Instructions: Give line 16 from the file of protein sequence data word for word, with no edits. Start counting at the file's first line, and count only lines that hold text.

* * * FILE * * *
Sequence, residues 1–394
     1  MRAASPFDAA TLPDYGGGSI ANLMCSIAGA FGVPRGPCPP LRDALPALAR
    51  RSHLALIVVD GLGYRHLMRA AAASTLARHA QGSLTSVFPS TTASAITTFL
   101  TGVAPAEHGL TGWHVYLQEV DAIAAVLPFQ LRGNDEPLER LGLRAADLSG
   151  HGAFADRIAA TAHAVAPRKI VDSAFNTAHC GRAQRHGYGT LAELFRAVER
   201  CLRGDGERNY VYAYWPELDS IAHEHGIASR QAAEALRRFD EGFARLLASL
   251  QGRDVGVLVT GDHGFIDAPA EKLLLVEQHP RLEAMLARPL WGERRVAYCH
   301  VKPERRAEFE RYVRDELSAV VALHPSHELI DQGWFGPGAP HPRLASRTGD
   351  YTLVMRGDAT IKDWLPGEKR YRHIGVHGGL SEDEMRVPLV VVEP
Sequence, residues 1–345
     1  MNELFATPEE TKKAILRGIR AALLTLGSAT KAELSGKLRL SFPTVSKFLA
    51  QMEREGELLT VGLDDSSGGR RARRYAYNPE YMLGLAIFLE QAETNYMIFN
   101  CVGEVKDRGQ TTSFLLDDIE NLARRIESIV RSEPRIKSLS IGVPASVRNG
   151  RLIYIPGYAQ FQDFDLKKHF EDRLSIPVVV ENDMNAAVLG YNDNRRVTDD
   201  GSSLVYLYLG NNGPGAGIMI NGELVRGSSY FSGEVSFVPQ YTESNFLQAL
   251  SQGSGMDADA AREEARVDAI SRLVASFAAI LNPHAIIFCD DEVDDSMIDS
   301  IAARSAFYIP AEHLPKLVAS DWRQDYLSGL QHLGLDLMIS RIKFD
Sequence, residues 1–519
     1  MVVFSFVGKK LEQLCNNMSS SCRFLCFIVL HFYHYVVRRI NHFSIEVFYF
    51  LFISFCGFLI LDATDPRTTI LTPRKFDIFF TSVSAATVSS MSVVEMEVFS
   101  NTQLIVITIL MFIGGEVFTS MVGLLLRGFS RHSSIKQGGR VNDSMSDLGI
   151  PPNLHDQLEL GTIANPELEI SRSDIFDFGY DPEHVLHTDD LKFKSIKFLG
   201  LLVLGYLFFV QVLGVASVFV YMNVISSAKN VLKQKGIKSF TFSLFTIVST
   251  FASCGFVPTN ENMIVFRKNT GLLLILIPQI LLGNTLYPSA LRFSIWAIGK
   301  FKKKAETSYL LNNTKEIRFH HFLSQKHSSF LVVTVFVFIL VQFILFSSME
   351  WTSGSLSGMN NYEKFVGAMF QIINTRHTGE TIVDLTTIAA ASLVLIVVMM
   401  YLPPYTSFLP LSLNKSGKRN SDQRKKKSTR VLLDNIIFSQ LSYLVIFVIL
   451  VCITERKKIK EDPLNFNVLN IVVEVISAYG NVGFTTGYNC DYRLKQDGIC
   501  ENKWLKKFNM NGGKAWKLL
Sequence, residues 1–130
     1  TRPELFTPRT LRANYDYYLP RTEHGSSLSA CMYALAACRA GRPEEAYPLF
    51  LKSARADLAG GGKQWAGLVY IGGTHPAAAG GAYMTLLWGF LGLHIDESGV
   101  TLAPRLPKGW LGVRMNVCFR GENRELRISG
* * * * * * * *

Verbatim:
   251  SQGSGMDADA AREEARVDAI SRLVASFAAI LNPHAIIFCD DEVDDSMIDS